41 Grams

Grey days are no match
for a 41 gram sugar haze
and work for hands
to stave off the afternoon crash
Can’t stop the madness
of a technological crunch
but slapdashed memery
can evade the watershed
of an overworked mind.

~*~

Literal sugar, ya’ll. No white lines.

The memery is meme-ry.

Thinning Ice

I feel as if
I’m walking on ice
the temperature creeping upward
Don’t know when I’ll break through,
plunge into the depths
Submerged
Unsure if I’ll resurface
or even want to.
Which step will it be?
A bad day and
something someone said?
Or a reminder from my phone
of pictures taken last year?
I keep stepping forward
There’s no turning back.
Keep stepping forward
on thinning ice
that’s starting to crack.

~*~

The snow is melting here but, when returning from errands, I saw geese walking on a still frozen pond.

It was a rough day. The kind of day that starts with bad news you initially shrug at but the dread creeps up on you throughout the day.

Maybe tomorrow will be better?

Thank you for reading.

~*~

SoundCloud: S. M. Saves
Twitter: @sm_saves

Over Halfway Full

On day 22, I was 3/5 of the way through when it suddenly felt like I had run out of words. I was exhausted. Work had been mentally taxing this week, leaving me with little energy to get through the list of creative endeavors I wanted to undertake — writing for NaNoWriMo and RKic and recording for ReadMeSpeakMe.

My plan to catch up on Friday evening was thwarted by one of my cats taking my lap hostage. As I awkwardly balanced my laptop on my knees, I stared at the open word document and found myself with no desire to add to it.

This NaNoWriMo season has been an awkward one. The novels I usually write during November are ideas that had been stewing in my brain for a year or more. In September through October, I wrote a story using the daily VSS365 prompts on Twitter. It had its fingers in two separate stories — The Bone Fairy and Moonrise Water — both inspired from writing prompts.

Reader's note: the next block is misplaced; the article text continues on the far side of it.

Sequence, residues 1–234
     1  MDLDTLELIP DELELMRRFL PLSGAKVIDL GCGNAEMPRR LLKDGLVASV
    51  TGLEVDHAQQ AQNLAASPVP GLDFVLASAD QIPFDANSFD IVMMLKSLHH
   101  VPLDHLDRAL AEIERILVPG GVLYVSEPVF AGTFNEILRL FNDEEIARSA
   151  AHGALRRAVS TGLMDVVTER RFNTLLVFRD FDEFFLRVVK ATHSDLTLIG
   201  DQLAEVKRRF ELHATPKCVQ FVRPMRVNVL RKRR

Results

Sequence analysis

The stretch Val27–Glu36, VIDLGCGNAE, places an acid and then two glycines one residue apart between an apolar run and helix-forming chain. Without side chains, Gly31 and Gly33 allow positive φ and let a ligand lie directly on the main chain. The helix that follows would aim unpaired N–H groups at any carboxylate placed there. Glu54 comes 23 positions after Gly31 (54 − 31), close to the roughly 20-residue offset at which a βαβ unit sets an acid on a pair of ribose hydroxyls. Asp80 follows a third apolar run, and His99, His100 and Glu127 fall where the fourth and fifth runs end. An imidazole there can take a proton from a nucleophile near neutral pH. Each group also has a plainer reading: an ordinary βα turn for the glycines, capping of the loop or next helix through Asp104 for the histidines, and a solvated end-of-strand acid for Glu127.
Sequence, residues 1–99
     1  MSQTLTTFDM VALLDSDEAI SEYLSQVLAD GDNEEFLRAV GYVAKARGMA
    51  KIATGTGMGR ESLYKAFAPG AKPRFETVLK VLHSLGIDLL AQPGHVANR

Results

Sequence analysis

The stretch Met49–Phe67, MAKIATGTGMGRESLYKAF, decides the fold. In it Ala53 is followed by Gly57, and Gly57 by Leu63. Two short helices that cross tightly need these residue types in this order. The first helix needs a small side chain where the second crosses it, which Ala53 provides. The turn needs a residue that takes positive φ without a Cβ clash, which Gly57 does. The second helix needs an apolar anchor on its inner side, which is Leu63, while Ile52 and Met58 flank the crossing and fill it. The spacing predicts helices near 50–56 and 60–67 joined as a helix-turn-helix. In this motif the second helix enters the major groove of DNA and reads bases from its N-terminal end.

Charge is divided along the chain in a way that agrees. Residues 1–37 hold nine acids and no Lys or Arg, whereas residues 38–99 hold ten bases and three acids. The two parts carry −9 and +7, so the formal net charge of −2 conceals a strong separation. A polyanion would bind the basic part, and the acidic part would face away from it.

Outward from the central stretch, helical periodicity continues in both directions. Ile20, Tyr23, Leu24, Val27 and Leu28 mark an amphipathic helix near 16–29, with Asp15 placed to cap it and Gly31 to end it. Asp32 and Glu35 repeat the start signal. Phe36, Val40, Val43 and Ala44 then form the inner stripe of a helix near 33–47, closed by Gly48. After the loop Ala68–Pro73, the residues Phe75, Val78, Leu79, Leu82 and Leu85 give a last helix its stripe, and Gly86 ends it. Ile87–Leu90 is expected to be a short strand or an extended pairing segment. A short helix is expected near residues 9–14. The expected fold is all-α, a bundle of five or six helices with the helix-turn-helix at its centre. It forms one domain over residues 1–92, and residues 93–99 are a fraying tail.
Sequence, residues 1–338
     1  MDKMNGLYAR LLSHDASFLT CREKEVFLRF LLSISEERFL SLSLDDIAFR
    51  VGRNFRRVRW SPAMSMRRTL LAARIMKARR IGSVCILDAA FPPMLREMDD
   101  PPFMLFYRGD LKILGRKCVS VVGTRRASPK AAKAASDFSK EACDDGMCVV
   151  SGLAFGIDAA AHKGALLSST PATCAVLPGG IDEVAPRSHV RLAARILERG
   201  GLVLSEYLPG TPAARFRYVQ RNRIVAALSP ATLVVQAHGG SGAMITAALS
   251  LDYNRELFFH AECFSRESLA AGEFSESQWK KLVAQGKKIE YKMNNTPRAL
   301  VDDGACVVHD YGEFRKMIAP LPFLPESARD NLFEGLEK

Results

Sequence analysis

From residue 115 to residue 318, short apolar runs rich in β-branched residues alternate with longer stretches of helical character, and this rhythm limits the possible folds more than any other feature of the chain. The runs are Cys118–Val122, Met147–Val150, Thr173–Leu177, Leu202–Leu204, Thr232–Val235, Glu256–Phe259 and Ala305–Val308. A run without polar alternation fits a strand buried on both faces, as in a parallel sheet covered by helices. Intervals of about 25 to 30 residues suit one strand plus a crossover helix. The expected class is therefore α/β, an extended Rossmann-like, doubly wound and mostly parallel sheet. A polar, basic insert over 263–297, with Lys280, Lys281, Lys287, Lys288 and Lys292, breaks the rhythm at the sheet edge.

All was going well until about the 15,000 word mark when I realized that the story didn’t have enough substance to be anything more than a long read. I deviated and wrote a short story, added more pieces to older novel projects, and started a new long story.

But on Friday night I was ready to give up near the 30,000 word mark because I really didn’t care anymore. I stared at my screen for 3 hours before shutting it down and napping on the couch with the cat who competes with NaNoWriMo for my attention every November.

The next day, everything was fine. The world didn’t end. I sat down again in the afternoon and started typing away, forcing my cat to take a seat next to me instead of my lap and hacked away at a 4,000 word chunk. I have about another 4,500 to go before I can be officially caught up.

Now that I’m so close to the end, I’ll finish up what I’ve been writing and write whatever until I hit the 50,000 word mark. It won’t be a novel but three first drafts of two long stories and one short. That’s an accomplishment within itself.

And short stories are easier to edit than novels.

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Meowa-ha-ha-ha! Move over inner critic! The cat is here!

~*~

Thank you for reading. If you’re curious about my other works, please check out my SoundCloud (for ReadMeSpeakMe recordings) and Twitter pages.

SoundCloud: S. M. Saves
Twitter: @sm_saves

~*~